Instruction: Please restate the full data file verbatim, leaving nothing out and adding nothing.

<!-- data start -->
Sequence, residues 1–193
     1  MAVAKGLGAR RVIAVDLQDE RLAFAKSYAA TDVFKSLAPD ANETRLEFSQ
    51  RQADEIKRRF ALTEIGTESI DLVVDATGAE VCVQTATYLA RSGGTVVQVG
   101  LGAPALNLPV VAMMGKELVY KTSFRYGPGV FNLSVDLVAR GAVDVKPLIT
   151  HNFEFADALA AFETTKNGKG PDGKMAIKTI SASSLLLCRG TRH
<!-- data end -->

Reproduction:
Sequence, residues 1–193
     1  MAVAKGLGAR RVIAVDLQDE RLAFAKSYAA TDVFKSLAPD ANETRLEFSQ
    51  RQADEIKRRF ALTEIGTESI DLVVDATGAE VCVQTATYLA RSGGTVVQVG
   101  LGAPALNLPV VAMMGKELVY KTSFRYGPGV FNLSVDLVAR GAVDVKPLIT
   151  HNFEFADALA AFETTKNGKG PDGKMAIKTI SASSLLLCRG TRH